International Conference on Financing for Development

Department of Public Information - News and Media Services Division - New York
Monterrey, NL, Mexico
18-22 March 2002

19 March 2002




Church representatives this morning described proposals to double official development assistance (ODA) over the next few years as a mere "drop in the bucket", saying that even if ODA was raised to 14 per cent of developed countries' gross national product (GNP), it would still take 400 years for the developing world to catch up.

Speakers at the press conference today on the theme "Another World Is Possible" were: Rogate Mshana, World Council of Churches; Juan Pedro Schaad, Latin American Council of Churches; Jocelyn Dow and June Zeitlin, Women´s Environment and Development Organization; and Joy Kennedy of the Ecumenical Team.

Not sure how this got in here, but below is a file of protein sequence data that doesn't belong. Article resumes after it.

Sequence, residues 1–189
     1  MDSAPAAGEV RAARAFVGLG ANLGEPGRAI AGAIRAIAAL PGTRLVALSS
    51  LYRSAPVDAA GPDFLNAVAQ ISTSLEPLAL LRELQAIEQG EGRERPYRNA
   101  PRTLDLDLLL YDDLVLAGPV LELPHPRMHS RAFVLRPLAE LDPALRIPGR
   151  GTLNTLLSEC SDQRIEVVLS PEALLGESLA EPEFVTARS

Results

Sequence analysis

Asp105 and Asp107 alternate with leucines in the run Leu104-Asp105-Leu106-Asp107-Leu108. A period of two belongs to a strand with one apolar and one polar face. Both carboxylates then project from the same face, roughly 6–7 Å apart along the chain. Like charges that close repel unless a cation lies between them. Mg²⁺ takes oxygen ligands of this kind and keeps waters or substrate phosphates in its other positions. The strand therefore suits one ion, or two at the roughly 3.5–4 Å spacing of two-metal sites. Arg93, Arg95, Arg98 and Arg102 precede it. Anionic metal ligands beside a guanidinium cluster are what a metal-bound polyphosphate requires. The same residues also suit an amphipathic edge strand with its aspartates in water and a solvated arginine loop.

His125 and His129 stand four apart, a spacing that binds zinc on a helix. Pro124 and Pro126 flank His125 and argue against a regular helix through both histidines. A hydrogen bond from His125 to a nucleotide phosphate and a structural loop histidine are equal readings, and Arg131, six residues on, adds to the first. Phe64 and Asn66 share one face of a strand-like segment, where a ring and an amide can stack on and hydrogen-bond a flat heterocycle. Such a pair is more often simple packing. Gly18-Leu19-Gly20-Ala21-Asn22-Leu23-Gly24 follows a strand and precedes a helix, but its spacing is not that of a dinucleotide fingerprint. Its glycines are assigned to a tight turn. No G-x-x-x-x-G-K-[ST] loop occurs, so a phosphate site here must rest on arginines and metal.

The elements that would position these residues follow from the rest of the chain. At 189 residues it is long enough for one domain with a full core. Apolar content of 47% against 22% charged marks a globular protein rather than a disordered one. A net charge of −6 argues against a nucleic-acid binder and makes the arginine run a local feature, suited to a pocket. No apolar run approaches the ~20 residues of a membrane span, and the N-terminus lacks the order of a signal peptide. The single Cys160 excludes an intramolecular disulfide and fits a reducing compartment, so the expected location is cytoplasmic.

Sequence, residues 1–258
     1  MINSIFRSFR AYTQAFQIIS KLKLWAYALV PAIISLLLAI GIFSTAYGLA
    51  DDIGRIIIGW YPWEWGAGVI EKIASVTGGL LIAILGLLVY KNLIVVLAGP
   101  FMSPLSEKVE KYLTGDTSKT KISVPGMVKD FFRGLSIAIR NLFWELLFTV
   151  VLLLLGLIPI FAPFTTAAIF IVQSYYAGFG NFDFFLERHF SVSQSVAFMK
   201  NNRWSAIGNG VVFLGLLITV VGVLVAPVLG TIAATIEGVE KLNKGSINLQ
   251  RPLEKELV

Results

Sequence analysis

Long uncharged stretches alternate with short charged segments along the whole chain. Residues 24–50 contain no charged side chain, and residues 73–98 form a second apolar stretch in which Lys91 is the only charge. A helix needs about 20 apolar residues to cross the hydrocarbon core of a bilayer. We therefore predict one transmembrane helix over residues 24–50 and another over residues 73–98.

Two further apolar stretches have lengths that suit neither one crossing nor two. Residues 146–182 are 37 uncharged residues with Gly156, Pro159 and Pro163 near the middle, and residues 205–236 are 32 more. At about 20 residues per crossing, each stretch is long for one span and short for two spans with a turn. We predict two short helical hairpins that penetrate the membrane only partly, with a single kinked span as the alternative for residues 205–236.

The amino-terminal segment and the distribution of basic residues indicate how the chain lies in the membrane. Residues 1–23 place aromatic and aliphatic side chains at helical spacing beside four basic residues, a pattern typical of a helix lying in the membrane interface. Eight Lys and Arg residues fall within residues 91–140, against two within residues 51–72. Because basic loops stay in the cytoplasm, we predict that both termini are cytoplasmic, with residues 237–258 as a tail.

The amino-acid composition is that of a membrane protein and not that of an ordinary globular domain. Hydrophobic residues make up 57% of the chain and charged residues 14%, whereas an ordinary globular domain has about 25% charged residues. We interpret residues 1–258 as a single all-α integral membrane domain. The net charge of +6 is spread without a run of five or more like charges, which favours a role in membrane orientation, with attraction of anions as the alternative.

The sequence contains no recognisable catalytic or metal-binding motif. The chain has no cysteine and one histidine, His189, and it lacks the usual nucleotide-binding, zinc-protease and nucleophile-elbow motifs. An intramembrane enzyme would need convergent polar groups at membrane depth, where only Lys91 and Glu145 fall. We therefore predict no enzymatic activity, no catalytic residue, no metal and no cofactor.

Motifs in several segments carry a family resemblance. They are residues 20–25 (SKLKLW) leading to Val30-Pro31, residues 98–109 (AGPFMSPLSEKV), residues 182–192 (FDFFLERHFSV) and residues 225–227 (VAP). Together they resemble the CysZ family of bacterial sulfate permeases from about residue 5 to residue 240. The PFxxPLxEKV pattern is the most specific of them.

Ms. Kennedy asked how it was possible to have engagement without commitment. That a free market system would effectively address society's woes was pure science fiction. The debt burden of the poorest countries must be acknowledged as a political scandal, and political will in that regard must be mobilized to eliminate that without delay. At the start of the Conference, that glaring injustice between the rich and poor "stares us in face". Indeed, deprivation and marginalization was the life story for the majority of the world's population.

The growing power and reach of the growing global markets posed an even greater threat to equitable development, she said, asking, "How could we rely on such a dysfunctional engine to take us towards sustainable development?"